Dyson V10 Trigger Replacement
This blog is going to be a little less on the technical side and a little more on the “Right To Repair” side. I can’t find a receipt for when I bought this Dyson V10 vacuum. But I did find an email stating my warranty was expiring in May 2023. I bought it refurbished and I think I paid about $350 for it. So my best guess is I got it in May or November of 2022. Let’s call it just over 2 years old.
A couple of weeks ago my wife brought me the vacuum and told me it was broken. A cursory inspection let me know right away that the trigger was not rebounding. Additionally, it remained in the fully depressed position.
As soon as I went to Google I learned a few things:
- The trigger on the Dyson V10, V11 and other models is a HIGH FAILURE RATE ITEM.
- Dyson won’t sell you a trigger.
- 3rd party vendors sell REINFORCED triggers.
- Replacing the trigger requires COMPLETELY disassembling the Dyson vacuum.
- A Torx #8 screwdriver is required for assembly / disassembly.
Once I realized I could buy a replacement trigger it was game on. I bought this one from Amazon for about $20.
Conversely, this trigger is metal. Also, there are reinforced plastic triggers for slightly less cost.
Again, I’m not going into the nuts and bolts of the technical repair here. I followed along with this YouTube video below. No need for me to recreate this process.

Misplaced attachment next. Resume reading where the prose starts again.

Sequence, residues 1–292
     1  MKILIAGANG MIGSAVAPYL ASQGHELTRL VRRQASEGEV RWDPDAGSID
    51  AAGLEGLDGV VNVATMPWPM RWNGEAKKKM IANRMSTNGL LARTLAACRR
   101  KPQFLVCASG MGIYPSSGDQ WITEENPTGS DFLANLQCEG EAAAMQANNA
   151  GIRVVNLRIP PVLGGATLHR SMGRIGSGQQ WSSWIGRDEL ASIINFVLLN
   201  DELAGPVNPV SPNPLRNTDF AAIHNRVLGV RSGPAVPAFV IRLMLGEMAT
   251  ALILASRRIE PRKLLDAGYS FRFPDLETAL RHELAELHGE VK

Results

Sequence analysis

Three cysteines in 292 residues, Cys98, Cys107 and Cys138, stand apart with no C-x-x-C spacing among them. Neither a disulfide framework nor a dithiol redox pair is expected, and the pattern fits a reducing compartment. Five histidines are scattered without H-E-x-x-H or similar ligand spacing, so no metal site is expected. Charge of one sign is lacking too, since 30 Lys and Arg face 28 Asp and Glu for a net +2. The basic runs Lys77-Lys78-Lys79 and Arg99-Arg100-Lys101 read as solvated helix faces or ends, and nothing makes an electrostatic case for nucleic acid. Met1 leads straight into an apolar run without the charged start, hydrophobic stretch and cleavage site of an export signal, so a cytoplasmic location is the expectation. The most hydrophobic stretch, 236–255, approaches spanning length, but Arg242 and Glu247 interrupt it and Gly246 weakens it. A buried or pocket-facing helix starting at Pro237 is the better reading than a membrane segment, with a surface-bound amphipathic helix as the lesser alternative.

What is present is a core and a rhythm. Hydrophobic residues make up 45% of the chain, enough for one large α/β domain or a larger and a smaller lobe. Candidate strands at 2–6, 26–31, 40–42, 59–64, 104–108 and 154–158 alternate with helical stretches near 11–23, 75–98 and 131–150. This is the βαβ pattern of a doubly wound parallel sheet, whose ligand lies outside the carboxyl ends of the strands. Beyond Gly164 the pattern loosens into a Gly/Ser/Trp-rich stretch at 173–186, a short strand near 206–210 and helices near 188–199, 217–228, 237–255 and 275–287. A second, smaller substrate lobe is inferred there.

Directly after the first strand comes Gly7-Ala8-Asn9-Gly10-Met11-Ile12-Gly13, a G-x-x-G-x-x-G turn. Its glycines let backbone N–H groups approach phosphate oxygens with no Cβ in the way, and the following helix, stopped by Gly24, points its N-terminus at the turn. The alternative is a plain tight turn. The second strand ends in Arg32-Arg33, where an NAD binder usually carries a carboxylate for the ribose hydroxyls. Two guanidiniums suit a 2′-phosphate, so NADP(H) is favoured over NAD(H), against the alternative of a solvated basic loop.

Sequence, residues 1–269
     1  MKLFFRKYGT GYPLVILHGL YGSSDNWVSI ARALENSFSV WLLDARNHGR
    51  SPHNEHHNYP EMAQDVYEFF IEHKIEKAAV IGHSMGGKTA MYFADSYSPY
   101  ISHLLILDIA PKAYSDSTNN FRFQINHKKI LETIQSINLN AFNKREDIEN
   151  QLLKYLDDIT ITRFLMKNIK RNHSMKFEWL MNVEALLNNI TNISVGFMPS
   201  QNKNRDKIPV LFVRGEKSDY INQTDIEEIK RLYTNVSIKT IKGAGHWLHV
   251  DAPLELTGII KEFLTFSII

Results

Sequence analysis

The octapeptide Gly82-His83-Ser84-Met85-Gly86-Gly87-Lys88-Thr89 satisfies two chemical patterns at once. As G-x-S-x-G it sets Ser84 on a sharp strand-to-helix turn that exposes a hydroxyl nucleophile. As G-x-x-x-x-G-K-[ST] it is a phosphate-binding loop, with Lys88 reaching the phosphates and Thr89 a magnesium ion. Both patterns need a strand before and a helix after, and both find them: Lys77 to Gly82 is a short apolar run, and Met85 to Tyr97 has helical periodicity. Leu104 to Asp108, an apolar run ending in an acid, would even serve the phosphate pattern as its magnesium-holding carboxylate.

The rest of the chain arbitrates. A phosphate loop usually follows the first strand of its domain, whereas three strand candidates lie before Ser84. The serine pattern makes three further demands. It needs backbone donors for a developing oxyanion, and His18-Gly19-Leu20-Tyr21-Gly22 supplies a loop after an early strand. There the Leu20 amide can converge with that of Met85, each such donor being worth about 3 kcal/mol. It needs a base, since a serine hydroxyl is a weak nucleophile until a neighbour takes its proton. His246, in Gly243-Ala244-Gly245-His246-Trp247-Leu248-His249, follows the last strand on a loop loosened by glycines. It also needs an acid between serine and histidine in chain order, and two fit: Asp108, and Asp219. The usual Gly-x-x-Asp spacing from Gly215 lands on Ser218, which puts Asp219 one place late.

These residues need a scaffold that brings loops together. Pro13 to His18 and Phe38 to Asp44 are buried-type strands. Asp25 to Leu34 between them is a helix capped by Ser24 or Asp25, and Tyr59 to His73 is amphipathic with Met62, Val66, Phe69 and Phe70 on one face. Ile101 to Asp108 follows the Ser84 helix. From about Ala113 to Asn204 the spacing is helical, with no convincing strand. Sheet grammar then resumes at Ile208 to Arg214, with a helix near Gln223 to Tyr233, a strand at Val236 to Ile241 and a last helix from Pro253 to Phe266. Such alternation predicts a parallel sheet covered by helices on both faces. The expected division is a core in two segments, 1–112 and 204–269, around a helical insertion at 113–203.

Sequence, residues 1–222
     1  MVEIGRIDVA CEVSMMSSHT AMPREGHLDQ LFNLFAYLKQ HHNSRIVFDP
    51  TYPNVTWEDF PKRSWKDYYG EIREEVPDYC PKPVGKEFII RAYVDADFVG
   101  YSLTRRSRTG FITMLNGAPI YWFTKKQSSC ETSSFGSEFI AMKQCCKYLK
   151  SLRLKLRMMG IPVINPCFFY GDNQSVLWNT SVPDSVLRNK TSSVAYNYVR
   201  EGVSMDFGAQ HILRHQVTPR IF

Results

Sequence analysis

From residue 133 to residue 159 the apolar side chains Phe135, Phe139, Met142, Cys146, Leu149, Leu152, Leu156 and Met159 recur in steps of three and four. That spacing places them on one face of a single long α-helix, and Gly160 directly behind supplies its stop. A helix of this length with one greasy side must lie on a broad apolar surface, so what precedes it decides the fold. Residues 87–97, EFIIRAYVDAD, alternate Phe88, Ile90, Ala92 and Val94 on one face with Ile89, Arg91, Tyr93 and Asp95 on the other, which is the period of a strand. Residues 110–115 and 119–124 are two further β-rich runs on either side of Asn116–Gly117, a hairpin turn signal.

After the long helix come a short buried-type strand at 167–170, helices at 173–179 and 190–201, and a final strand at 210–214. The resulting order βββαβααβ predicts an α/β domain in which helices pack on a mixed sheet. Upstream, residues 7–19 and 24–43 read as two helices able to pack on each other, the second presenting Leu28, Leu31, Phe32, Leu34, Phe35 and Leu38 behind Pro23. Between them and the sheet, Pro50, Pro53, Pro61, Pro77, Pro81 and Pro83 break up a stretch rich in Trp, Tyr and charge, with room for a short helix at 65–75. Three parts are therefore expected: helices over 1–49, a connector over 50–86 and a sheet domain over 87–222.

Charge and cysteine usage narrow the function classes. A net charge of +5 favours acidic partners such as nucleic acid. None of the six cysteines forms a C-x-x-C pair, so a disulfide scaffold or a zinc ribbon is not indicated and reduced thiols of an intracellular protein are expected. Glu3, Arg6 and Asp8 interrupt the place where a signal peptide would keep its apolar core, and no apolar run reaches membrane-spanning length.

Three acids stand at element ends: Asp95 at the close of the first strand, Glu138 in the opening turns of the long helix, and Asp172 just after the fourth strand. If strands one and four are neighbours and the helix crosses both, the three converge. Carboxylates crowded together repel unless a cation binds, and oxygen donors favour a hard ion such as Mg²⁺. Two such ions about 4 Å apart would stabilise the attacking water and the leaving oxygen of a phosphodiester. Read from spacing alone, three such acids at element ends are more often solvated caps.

The only comment I have is that you have to completely tear this thing apart. to get to the trigger assembly.
And, yep, mine is most certainly broken.
Let’s take a moment and discuss this. Do a deep dive on this subject and you’ll see that it isn’t a new phenomenon. This has been going on for quite a while now.
Why doesn’t Dyson install reinforced triggers in their newer vacuums? Why wasn’t there a recall? And lastly, why is it so hard to get to this assembly to change the trigger?
No parts breakdown. No spare parts sales from Dyson.
This kind of angers me. When I buy something that costs this much money and is a somewhat complex machine I am in the camp that believes I have a right to a repair manual, and access to repair parts.
The consumer should not have to rely on the ingenuity of others to manufacture and sell replacement parts. And it shouldn’t be lost on anyone that Dyson isn’t providing the tear down instructions, either.
The quality of the 3rd party replacement part is FAR SUPERIOR to the Dyson OEM part. Again, I have to wonder why this problem persists. A molded plastic part that is susceptible to cracking renders a $300 + vacuum cleaner inoperable. Not really a good look, Dyson.
Fixed For $20
Anyway, I got mine working for the cost of a new metal trigger and a couple of hours of teardown. While I was in there, everything got a good cleaning. So I should be good for a while. Here was the moment of truth after the trigger fix.
Dyson. Do Better.
Should You Buy A Dyson?
Nope. I’ve replaced at least 1 charger and now a trigger for mine in the 2 years that I’ve owned it. For this kind of money it should come with an illustrated parts breakdown and the ability for a user to purchase spares. As long as Dyson makes chargers and triggers with high failure rates and they don’t play the “Right To Repair” game then they should be avoided at all costs.